Disclaimer: sorry if you're not interested in this guff.
Recently I've been getting dressed in the morning and feeling pretty weird about the clothes I wear. The most frequent reason I leave the house is to go to college three times a week, and after thinking about Style Salvage's appropriation of the idea of a personal uniform, I would definitely agree that I have a personal College Uniform. Perhaps I overthink things, but there are a few things I've noticed about myself and other people when it comes to dressing for college. Firstly, when I get up at 7 or 8 in the morning, I look out of the window and more often than not observe that it's a pretty shitty looking day. I open my wardrobe, and look at my clothes, and I'll maybe look at a skirt; and then a voice in my head says you don't want to wear a skirt, it's freezing outside. Cold legs. Too cold for tights. The same thing goes for a dress - too short. You have to walk through not one but two dodgy neighbourhoods to get to college. Don't want any unwanted attention. Okay, I think, what about going with safety in jeans, but a nice pair of heels? You know your feet will hurt, says my voice. You'll be walking a lot today. You don't want to inflict unneccessary pain on yourself. Plus, heels click on the pavement, and you like to pad along quietly in your scabby old daps. Okay then, what about my nice new blazer? Too cold. You need a coat. Wear your duffle coat, it's warm. Fine. something nice underneath. The arms on your duffle coat, like all your coats, are too short for your lanky arms. You need something underneath. Wear your hoodie.
At that point (I promise, or at least I hope it's clear, that I'm not a nutty schizophrenic and that voice is just my Voice of Reason) I look in the mirror and hey, would you look at that? I'm wearing the same tomboy College Uniform that I always wear from October to April. Daps, jeans, jersey layers, and a duffle coat. And that's not the only thing which frustrates me. I get in to college, and apparently reams and reams of girls have got up that morning and they have NO VOICE OF REASON in their heads. They've arrived in flimsy skirts and thigh high socks, regardless of the 5 degree gale blowing outside; they clickety click along in their artfully bashed-up vintage heels, hips swinging, hair tousled by the pissing rain outside, while I stand gaping, bundled up, dripping onto the doormat with soggy feet and streaming mascara.
Leaving aside what I fully acknowledge as shallow JEALOUSY, plain and simple, of these girls who look so great, what I think I'm more jealous of is the fact that they know what they want. They know how they want to look; they know when they buy something that they will wear it, they'll make it look fabulous in with the rest of their clothes, and they know what they like. I don't know what clothes I like any more, and I don't think I have a personal style. My Uniform stems from practicality and an unwillingness to feel uncomfortable. I don't think I have any idea what I like. I mean, I know THINGS I like doing - if somebody asked me, "what are your hobbies?" or "what do you like doing in your free time?" I could answer - what I do is an easy question. But what does that say about the kind of person I am?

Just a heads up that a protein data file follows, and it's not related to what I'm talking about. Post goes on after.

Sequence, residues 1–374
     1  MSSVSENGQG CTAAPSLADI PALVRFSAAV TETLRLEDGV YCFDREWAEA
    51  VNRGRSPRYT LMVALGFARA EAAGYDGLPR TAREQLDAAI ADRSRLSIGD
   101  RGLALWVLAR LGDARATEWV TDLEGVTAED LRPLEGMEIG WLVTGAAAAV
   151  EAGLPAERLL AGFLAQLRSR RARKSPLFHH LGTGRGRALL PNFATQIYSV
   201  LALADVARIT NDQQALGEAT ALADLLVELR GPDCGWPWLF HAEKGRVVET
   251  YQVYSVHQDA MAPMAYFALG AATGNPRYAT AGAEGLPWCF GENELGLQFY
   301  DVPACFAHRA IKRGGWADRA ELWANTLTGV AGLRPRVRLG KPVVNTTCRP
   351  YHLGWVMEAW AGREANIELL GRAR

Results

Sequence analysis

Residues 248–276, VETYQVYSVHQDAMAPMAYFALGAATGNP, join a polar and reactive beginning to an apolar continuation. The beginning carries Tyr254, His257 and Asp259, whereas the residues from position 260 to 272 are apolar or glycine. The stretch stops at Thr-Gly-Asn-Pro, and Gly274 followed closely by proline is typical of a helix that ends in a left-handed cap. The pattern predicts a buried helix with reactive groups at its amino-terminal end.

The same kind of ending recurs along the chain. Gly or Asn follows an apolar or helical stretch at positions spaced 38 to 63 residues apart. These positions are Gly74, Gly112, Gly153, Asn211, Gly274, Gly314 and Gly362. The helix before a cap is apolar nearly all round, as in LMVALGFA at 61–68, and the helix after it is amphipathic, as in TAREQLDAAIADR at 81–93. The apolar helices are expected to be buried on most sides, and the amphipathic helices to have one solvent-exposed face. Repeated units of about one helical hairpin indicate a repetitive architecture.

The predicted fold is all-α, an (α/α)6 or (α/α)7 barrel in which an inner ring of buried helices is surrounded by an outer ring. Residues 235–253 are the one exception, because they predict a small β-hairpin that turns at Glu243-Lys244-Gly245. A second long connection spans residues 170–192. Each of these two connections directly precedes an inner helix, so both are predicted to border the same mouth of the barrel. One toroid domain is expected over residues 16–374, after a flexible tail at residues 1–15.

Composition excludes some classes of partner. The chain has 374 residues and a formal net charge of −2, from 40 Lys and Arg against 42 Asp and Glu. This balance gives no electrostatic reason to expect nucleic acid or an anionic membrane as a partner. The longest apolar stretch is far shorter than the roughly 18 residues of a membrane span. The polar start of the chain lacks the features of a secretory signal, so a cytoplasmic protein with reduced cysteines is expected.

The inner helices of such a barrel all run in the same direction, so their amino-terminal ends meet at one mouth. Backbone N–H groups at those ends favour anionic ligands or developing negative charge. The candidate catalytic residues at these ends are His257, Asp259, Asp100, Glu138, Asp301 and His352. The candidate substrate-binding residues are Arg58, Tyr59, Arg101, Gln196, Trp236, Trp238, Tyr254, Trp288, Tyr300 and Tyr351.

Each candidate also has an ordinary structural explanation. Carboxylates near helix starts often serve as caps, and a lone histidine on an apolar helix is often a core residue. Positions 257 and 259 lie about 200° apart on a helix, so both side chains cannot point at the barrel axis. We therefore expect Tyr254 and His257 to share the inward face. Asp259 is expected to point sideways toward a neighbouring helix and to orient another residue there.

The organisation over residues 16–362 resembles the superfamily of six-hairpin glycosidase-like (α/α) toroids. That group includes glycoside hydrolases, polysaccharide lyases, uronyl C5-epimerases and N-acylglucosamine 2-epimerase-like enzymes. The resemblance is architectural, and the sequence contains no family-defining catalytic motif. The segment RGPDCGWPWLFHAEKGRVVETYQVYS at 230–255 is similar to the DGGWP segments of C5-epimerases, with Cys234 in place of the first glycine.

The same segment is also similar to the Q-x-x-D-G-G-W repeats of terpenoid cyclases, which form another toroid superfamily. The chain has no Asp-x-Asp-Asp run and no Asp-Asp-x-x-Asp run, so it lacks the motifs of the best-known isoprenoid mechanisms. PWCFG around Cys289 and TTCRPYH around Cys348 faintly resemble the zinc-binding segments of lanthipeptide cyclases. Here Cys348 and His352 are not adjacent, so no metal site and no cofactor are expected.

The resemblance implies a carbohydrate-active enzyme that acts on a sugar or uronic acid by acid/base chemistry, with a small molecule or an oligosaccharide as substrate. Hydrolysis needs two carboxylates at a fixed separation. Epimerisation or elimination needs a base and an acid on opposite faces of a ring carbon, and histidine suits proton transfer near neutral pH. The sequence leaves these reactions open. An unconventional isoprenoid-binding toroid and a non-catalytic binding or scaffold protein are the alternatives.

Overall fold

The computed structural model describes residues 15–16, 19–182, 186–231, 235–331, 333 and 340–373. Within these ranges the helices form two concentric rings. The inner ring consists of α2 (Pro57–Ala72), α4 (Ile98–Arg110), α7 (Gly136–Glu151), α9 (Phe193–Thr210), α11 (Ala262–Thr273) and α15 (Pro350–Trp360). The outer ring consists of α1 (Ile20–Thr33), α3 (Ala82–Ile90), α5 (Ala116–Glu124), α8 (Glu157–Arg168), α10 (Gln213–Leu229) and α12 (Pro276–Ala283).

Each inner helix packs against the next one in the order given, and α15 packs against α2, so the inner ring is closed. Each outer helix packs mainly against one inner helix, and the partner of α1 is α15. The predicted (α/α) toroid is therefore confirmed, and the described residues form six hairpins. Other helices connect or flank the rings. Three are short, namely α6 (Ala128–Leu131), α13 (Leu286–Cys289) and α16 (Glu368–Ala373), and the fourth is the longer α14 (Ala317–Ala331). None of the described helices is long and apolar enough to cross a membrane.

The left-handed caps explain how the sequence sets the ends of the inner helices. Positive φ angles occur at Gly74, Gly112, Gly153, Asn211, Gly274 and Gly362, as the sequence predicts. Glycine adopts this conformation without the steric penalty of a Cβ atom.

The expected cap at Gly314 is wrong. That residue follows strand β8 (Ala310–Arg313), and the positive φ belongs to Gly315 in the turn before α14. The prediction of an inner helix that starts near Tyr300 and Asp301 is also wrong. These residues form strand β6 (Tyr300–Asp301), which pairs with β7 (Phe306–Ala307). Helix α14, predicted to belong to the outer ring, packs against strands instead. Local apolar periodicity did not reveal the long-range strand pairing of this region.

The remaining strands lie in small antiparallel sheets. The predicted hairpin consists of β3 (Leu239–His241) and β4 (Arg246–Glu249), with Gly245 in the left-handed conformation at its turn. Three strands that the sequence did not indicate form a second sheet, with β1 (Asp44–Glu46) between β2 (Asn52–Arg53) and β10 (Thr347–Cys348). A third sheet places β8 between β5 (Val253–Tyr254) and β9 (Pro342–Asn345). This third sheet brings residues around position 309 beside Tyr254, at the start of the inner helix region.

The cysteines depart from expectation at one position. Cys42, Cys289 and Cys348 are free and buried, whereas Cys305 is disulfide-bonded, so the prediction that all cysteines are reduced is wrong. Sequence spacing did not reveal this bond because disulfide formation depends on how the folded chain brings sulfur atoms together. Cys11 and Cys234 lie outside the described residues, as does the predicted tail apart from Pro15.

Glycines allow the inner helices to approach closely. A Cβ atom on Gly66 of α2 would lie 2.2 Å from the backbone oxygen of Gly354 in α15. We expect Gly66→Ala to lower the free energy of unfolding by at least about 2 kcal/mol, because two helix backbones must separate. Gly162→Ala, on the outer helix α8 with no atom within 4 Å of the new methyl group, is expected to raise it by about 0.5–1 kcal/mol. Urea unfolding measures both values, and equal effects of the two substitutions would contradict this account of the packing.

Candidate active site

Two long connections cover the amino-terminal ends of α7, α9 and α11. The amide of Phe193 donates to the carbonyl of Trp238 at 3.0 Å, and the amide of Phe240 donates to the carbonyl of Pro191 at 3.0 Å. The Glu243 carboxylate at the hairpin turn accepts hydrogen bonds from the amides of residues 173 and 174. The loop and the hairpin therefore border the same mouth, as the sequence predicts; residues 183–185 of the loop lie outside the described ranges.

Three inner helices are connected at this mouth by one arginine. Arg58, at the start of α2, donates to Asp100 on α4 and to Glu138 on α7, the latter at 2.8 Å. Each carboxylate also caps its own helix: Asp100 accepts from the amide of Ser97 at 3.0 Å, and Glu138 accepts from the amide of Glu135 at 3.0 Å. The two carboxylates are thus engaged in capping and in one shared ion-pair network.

As a rule, I'm not much of a navel-gazer, but recently I'm starting to feel like perhaps I should know these things by now? Because it doesn't just come down to an aesthetic style crisis, but lots of other little things as well. I've talked before on the blog about my uncertain job future, but haven't really voiced my secret inner feeling that my job insecurity is compounded fully by the fact that I have no idea what I want to do. As it stands, I love my degree; but it's not like John, the nature of whose degree pretty much funnels you into a particular world of work, or Jeffrey, who, once he's graduated, is so well rounded and experienced that his skills and knowledge can carry him anywhere. My best friend Lucy floated around for two or three years after she finished school, trying out a few courses here and there, before she suddenly had a lightbulb moment and realised that if she doesn't try going to drama school she's going to have missed out on one of the one things she really loves doing.
I don't have skills, per se. I can't sew, I can't act, I can't design a building. I can think, but everyone can think. The more I worry about it the more I notice how much I have no idea about myself. Things which should be simple have become a challenge. What's my voice like - tone, pronounciation, accent? The more I think about it the more words seem sticky coming out of my mouth. Since when did talking become difficult? And for that matter, how do I walk? I'm not sure where to put the weight on my legs. Did I put my heel down first or my toe? I can't remember. Do I swing my hips? How do I eat? Do I favour one side to chew on over the other? What tastes do I like? And how do my friends see me? Is there anything about me that makes me, individually, me? Essentially, what kind of person am I? I feel like if I knew the answer to that I'd know what to do next, or what I even want to do next, or know at least how to go back to being the kind of person who knows what they want to do next. For now, I wish I knew where the fuck to start, and what to do with myself.